MOUTHWASH — An Offbeat Experiment
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Catching Up with Salomon Ligthelm

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Over the past few weeks, we've been working with Salomon Ligthelm on a new website for his work to live in. For those who don't know, Salomon is a Director. His journey into filmmaking has been explored time and time again; a testament to the fact that hard work and practice pays off.

We took some time to disrupt our workflows in order to talk and catch up. Salomon discusses how he's been approaching this pandemic, his thoughts on making his first feature-length film, and some of the design elements that have shown up in his new site.

MW: The last time we sat down and caught up with you was back in 2018 for our podcast. What’s been going on with you since then? Seems like you’ve hit quite a few milestones.

SL: Yeah, feels like ages ago. Honestly, it’s all been crazy, as you can probably imagine. I’ve been doing lots of commercial work, some music videos from time to time, hit a period of burn-out, and now as of recently, trying to come to terms with this global pandemic. All the while, trying to get a film off the ground. It’s exhausting just thinking about it all. To be honest, it’s really hard to hustle when the “world is burning”, for lack of a better term. It almost feels wrong. But I try not to get too caught up in that type of thinking. It can sometimes cause more harm than good. I’m having to remind myself to be thankful and practice gratitude. I have a means to provide for my family, so I can’t complain.

MW: Yeah, the whole work-from-home thing is a slow adjustment for all of us, I think. We complain about being busy, but honestly it’s a good problem to have. I’m glad you brought up your film though. I know that’s been something you’ve been tackling for awhile now. You’ve been pretty strategic about not rushing into your first feature. Can you elaborate on why that is?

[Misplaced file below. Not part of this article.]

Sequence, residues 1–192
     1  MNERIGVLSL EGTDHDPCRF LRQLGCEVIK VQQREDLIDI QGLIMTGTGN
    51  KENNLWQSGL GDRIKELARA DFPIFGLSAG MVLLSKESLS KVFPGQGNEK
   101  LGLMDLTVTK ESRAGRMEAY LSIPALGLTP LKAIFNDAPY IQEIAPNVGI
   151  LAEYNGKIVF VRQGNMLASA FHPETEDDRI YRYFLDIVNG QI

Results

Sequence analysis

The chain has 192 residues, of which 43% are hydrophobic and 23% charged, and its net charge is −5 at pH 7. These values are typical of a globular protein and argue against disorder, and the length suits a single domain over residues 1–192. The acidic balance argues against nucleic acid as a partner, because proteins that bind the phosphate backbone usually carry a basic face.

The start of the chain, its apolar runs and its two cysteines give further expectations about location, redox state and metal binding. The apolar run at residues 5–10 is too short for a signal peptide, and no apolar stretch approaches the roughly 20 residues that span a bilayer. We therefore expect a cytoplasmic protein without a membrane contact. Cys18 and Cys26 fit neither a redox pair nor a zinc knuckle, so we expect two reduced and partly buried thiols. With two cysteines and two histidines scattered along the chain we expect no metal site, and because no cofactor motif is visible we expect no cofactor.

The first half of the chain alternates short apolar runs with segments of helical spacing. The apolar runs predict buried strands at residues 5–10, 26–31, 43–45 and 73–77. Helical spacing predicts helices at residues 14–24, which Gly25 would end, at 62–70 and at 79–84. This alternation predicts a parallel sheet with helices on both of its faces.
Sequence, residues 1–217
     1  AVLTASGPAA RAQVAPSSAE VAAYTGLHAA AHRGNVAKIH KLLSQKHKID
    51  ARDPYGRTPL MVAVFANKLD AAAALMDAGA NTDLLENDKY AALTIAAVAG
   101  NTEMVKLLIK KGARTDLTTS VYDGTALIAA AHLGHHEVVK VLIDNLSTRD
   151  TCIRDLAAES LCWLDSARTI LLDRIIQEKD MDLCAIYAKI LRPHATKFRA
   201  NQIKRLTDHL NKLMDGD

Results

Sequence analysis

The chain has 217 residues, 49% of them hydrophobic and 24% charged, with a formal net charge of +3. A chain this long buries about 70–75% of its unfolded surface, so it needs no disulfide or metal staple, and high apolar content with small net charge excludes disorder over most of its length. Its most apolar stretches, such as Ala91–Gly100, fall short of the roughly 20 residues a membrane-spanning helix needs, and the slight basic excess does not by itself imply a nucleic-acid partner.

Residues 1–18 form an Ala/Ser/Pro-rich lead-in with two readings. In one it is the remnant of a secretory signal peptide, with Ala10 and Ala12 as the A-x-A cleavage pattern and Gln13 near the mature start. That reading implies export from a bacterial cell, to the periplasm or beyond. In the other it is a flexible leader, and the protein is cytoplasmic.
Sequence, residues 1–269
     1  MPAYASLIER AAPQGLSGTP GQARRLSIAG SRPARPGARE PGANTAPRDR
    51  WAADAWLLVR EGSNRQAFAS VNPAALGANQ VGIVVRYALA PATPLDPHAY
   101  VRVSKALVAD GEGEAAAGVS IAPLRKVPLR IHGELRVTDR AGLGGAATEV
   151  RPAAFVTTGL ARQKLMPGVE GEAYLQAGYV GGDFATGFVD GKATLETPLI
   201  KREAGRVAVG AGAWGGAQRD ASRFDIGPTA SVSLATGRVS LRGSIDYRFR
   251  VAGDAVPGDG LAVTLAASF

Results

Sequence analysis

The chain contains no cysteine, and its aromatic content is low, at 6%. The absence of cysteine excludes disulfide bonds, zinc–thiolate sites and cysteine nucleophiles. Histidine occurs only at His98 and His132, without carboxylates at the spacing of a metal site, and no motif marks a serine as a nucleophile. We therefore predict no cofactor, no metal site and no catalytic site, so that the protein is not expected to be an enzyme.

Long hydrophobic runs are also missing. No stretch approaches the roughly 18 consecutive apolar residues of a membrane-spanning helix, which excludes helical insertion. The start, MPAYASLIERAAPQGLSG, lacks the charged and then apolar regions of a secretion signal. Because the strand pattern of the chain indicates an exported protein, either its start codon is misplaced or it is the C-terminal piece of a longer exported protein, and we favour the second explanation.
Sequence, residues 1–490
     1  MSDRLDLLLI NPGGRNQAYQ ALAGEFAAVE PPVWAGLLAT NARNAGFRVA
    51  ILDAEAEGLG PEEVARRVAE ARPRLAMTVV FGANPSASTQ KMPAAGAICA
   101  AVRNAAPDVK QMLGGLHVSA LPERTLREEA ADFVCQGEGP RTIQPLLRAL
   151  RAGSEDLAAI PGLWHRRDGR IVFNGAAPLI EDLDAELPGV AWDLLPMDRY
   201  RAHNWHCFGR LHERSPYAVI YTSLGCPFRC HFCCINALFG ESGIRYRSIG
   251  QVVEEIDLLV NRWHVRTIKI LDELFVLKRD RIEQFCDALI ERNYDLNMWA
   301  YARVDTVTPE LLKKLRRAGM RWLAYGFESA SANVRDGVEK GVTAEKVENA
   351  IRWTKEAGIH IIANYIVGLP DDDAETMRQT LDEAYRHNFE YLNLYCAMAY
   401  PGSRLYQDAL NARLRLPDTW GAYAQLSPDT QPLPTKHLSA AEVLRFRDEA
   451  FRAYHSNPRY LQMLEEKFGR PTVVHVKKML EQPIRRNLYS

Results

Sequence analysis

SL: Yeah for sure. It’s always been a focus of mine to tell the right story. By that I mean, a story you believe in. One that you can place yourself into. So I’ve always approached the making of a feature film as a sort-of cathartic experience -- a means to exercise my spiritual-, emotional-, and philosophical-self. But that’s a fine line to walk. There’s a balance in making a film that isn’t indulgent. It still needs to be accessible. I knew going into this, that there is so much to learn in the craft of making a film, that I didn’t want to jump the gun. And I’m continuing to learn as I go, but at least now I feel like I’m equipped well enough to start the process. I think another thing that has been in the back of my mind is getting too comfortable with doing commercials and music videos. You get used to the income it provides, and you become accustomed to only telling stories in a short format. For me, I think I’m at the right stage to make my next leap.

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MW: For most filmmakers, it seems like directing a feature that gains recognition seems to be the end goal. Does that ring true for you, or do you find the finish line somewhere else?

SL: I think it’s less about recognition or prestige, and more about visibility and credibility. At the end of the day, I want to be able to make my first film, and use that as a springboard to make my second film. If your film doesn’t really get seen by anyone, or if it’s critically panned or makes no money, it’s going to be a lot harder to get that second film off the ground. So I want to be very intentional and take my time to do it right, to do it small. You only get one first film. So doing it with an “independent” approach, with people who I love, trust, and respect feels like the best thing I can do. Hopefully then, we’re set up to do good work, so that we can repeat the process after it’s all done.

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MW: I want to take a second to switch things up. You’re an incredibly introspective person, so I’m curious as to what you think more people should be paying attention to right now.